Shane Scheib | Genrelicious

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Rock: Instrumental Rock Blues: Guitar Blues Moods: Featuring Guitar
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Genrelicious

by Shane Scheib

A delectable assortment of guitar driven sounds: Jazz, Funk, Rock, Blues, Country, Americana, and more!
Genre: Rock: Instrumental Rock
Release Date: 

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  Song Share Time Download
clip
1. Bossa Sauce
2:47 $0.99
clip
2. Fung Ku
2:23 $0.99
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3. Indie Event
3:01 $0.99
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4. Fee Free
1:37 $0.99
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5. She Died
3:06 $0.99
Downloads are available as MP3-320 files.

ABOUT THIS ALBUM


Album Notes
The Genrelicious EP incorporates an avant garde blend of influences fashioned together by a master craftsmen of guitar music. Some songs are instrumental, others have vocals, all offer complete full-band instrumentation. Produced with the intention of highlighting the unique abilities of one of Nashville's most versatile up and coming guitarists.

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Reviews


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Abigail Blythe

What a load of
Awesome-sauce.
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Daddio Records

Genrelicious Review by Matthew Warnock
Any art form, including music, has a tendency to mimic the real-life experiences of the artist, and Nashville based musician Shane Scheib is no exception. After spending time overseas as a Missionary, studying at Jeff Berlin’s Players School in Florida, starting a guitar club in New Zealand and salmon fishing in the Bering Sea Scheib, acting upon a suggestion of the boat’s skipper, packed up his bags and moved to Nashville to pursue music fulltime. The chameleon like nature that defines his life’s story is directly reflected in his new release, the 6-song EP Genrelicious. Each song represents a different side of the songwriter’s musical background. From jazz to country to industrial and beyond, it’s all there on this eclectic collection of tunes.

The album kicks off with the track “Bossa Sauce,” which, though the title may suggest, is a little far removed from a traditional Bossa Nova track, but it is interesting nonetheless. An instrumental, Scheib lays down a funky, Latin-based groove and then layers a single-note guitar line over top that develops throughout the song. With the addition of some ear grabbing, rhythmic punches around the middle of the tune, the guitarist keeps the interest level flowing. While it is a decent track, it may have been better served later in the playlist, but that’s nitpicking for an EP. If Scheib decides to extend this release into a full-length album then maybe that is a decision he would be forced to tackle, but that’s a bridge to cross down the road.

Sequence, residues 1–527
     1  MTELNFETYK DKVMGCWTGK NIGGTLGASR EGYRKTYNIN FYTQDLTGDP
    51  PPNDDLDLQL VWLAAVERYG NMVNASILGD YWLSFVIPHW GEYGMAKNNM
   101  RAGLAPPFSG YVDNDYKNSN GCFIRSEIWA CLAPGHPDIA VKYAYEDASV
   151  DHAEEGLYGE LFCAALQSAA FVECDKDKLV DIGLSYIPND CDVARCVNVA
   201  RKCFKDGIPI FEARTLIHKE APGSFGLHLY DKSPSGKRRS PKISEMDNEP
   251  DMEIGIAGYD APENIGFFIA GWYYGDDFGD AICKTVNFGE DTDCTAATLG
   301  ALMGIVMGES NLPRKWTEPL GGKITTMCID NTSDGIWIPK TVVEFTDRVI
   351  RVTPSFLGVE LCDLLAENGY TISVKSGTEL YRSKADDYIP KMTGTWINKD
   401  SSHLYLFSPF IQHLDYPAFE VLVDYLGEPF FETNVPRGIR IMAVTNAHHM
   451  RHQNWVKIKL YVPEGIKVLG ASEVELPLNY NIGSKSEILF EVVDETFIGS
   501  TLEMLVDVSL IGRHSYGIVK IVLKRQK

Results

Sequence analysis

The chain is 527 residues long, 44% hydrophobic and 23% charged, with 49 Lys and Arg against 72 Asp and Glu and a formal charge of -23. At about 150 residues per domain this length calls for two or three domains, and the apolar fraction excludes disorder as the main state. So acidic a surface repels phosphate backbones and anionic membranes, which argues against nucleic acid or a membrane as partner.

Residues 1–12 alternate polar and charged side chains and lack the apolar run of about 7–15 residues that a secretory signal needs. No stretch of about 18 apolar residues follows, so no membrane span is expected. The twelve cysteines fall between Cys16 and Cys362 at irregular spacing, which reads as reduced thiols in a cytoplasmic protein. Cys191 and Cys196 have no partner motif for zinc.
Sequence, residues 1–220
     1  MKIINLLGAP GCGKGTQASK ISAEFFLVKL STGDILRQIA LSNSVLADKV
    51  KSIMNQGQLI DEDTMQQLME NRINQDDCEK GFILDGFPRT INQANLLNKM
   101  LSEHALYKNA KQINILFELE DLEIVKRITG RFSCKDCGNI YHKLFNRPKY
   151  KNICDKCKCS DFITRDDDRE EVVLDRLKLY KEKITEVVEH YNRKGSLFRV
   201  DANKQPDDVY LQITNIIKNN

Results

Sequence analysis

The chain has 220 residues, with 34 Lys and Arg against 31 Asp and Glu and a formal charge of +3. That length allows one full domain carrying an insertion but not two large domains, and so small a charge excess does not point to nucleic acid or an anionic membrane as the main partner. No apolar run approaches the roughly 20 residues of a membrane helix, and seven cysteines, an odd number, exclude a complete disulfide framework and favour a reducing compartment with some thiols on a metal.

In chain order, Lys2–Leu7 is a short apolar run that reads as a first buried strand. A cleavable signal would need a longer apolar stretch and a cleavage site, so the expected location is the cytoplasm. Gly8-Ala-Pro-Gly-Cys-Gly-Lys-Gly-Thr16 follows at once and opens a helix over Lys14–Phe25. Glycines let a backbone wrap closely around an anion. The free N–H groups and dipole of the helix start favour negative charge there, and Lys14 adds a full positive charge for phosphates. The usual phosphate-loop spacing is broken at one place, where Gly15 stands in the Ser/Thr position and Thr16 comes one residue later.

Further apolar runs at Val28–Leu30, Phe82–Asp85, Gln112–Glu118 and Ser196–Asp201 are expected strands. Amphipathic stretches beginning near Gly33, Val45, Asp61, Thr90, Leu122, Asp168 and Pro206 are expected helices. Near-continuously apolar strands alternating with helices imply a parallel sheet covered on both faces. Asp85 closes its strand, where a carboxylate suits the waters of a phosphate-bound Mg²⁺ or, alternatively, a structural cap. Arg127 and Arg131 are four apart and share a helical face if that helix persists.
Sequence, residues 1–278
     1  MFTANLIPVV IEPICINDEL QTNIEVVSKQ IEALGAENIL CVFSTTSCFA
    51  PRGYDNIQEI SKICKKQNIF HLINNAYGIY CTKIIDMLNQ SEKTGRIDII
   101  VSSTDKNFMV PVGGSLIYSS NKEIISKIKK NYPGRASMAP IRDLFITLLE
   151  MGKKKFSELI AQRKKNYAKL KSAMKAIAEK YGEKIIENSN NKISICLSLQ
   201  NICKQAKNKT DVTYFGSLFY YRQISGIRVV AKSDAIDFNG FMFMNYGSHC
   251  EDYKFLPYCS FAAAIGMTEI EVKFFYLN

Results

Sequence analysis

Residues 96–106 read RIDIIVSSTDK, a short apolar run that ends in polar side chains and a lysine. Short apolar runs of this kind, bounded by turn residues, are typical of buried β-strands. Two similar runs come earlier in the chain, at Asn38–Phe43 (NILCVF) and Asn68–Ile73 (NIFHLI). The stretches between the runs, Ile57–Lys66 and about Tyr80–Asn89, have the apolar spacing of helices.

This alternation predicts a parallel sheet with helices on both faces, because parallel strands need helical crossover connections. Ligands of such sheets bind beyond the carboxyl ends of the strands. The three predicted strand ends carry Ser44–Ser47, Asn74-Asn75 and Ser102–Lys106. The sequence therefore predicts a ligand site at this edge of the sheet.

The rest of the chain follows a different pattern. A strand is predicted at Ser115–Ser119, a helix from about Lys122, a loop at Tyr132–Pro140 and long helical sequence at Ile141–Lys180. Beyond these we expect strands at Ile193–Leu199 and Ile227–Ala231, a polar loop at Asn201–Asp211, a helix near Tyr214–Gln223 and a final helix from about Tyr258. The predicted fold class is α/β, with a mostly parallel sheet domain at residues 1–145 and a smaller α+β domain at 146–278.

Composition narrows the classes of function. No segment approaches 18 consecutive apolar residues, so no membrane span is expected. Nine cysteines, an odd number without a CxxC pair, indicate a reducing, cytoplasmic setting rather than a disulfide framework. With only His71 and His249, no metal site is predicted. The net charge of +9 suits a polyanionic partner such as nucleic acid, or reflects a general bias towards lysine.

While Scheib studied jazz guitar during his formative years, his strengths seem to lie in the funkier, more rock-oriented tracks such as “Fung Ku” and “Indie Event.” Whereas his groove was a little less than authentically Brazilian during the opening track, the guitarist sounds right at home during these hard-driving numbers, digging deep into the pocket and laying down some very solid rhythm guitar work.

His melodic playing is more confident in these cases as well. Scheib can really wail and these tunes showcase his strong ability as a rock guitarist. Not to be ignored is his tone, which ranges from lightly distorted on the first track and heavily industrialized on the latter. By adjusting the level of his crunch, Scheib not only elevates the energy on these tracks, he also keeps the listener guessing as to what’s coming next, a skill that any entertainer needs to succeed.

Ever the musical chameleon, Scheib then picks up a banjo, grabs a microphone and delves into the country inspired, tongue in cheek song “Feel Free.” Showing his comical side, but with the musicianship to back it up, might have backfired for other artists, but Scheib pulls it off. The song will put a smile on one’s face, but also get their feet tapping at the same time, not an easy thing to pull off. There’s also a killer, though short, chicken picken’ solo at the end of the track that definitely leaves one wanting more of this style of playing from the multi-faceted performer.

While Scheib is successful in showcasing the myriad of genres and styles that have influenced him over the years, and that he feels comfortable writing and performing in, this release comes off a bit like a demo rather than a store-ready release. The EP lacks that cohesion that makes any great album successful, but it does provide a very detailed view into Scheib’s musical world. With this in mind the talented composer and performer could easily take any of these six songs, follow those particular genres out with 8 to 10 more tracks, and come up with six release-worthy albums. After hearing what Scheib can do with an EP, one can only hope he takes these musical nuggets and sees them to fruition.


Review by Matthew Warnock
Rating: 3 stars (out of 5)
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